UCLA psychologist and human memory expert Robert A. Bjork will speak on "How We Learn vs. How We Think We Learn" at 4:30 p.m. on Tuesday, April 26 in Choi Auditorium as the 2016 Occidental College Phi Beta Kappa speaker.
Underwritten by the Ruenitz Trust Fund Endowment in honor of Dr. and Mrs. Robert C. Ruenitz , the Occidental Phi Beta Kappa Speakers Series Lecture is free and open to the public.
A Distinguished Research Professor and co-director of UCLA’s Bjork Learning & Forgetting Lab with Psychology Professor Elizabeth Bjork, he is best known for his decades of research that have fundamentally altered our understanding of learning and memory. He has shown that, as counterintuitive as it may sound, forgetting enables, rather than undoes learning.
Bjork developed the concept of "desireable difficulties," which emphasizes that effective learning requires mistakes, and that the struggle to remember or learn is what makes long-term memory retention work.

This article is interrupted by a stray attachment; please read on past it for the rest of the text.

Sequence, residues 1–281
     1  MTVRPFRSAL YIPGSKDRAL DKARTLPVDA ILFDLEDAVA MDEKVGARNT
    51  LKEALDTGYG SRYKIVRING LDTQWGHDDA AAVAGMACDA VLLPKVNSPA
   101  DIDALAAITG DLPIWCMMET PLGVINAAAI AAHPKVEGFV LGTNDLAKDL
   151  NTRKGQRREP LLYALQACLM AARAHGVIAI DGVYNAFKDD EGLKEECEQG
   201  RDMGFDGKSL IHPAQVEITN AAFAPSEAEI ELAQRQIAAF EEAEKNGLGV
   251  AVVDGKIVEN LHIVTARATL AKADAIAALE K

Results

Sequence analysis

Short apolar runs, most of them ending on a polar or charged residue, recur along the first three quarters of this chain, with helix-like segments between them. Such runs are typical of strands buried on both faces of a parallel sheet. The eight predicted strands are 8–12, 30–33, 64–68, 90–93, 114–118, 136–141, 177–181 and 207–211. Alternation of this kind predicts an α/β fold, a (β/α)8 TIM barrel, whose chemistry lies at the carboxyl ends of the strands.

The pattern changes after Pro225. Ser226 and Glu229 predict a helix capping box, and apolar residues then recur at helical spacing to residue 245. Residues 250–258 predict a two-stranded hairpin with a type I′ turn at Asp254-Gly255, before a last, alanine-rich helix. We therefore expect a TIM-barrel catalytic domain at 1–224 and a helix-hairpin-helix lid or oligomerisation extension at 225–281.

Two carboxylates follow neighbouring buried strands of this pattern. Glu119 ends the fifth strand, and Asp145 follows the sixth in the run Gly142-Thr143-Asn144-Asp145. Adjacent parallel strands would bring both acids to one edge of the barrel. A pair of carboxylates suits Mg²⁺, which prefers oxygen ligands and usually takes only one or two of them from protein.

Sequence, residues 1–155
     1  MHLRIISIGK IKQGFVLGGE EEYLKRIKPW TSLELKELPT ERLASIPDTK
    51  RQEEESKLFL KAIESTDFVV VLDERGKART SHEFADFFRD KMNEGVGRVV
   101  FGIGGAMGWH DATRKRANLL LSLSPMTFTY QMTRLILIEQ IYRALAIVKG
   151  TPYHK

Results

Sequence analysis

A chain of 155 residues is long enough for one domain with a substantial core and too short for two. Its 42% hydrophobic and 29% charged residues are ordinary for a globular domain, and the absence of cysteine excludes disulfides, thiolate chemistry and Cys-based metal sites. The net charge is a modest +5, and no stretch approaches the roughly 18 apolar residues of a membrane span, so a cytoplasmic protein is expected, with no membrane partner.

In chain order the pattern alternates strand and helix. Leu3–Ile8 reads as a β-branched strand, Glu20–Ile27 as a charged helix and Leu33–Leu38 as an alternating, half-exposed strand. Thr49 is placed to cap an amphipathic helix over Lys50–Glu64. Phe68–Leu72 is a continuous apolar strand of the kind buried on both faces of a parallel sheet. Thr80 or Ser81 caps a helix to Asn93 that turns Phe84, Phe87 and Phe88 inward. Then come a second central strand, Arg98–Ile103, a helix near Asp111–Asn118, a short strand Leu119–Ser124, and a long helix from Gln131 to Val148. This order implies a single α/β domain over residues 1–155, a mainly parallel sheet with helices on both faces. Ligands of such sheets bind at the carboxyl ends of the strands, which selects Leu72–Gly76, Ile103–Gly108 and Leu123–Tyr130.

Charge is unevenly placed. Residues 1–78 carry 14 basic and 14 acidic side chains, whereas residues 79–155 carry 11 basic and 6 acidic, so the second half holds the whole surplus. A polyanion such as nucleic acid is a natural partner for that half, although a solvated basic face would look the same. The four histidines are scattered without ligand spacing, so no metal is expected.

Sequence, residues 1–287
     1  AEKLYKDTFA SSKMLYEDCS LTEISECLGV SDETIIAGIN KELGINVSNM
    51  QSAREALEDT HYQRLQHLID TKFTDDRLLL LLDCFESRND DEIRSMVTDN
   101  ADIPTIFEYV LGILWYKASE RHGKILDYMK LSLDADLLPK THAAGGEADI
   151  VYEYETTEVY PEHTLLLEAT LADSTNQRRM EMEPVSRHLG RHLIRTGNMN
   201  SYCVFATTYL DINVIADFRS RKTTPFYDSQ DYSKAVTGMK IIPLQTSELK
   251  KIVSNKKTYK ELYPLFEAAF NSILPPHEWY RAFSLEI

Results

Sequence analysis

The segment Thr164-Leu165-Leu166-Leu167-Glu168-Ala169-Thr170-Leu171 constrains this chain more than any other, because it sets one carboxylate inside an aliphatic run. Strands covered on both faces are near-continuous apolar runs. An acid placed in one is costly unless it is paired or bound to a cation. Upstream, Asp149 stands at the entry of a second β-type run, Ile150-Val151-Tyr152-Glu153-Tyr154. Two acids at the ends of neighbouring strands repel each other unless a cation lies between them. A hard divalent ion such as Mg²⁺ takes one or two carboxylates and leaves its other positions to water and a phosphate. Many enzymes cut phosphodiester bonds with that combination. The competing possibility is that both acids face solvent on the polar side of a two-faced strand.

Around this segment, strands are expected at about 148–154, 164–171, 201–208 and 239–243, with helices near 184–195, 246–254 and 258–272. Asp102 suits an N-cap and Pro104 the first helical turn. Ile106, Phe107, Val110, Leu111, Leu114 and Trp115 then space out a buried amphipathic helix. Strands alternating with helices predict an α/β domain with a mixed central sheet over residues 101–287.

He is a Fellow of the American Academy of Arts and Sciences and a recipient of numerous distinctions, including a lifetime achievement award from the Society of Experimental Psychologists and honors from the American Psychological Association. The Bjorks were recently selected by the Association for Psychological Science to receive the 2016 James McKeen Cattell Fellow Award, which recognizes a lifetime of outstanding contributions to applied psychological research.
Bjork has served as editor of Memory & Cognition and Psychological Review, co-editor of Psychological Science in the Public Interest, and chair of a National Research Council Committee on Techniques for the Enhancement of Human Performance.
The Speakers Series was created in 2006 with a gift from New York entrepreneur Robert M. Ruenitz ’60 and his wife Jeri Hamilton through the Ruenitz Trust to honor the memory of Ruenitz’s parents, Esther Merriman Ruenitz and Dr. Robert C. Ruenitz.
Founded in 1926, the Occidental Delta Chapter of Phi Beta Kappa is one of the first chapters of the country’s oldest academic honor society to be chartered at a liberal arts college in the western United States.
Previous Ruenitz lecturers have included Howard Dean, MD, the former Governor of Vermont; Ahmed Zewail, the Nobel Prize-winning chemist; author and educational critic Jonathan Kozol; social critic Judith Butler; author and activist Ayaan Hirsi; Bill Nye the Science Guy; medical activist Paul Farmer; and mental health legal expert Elyn R. Saks.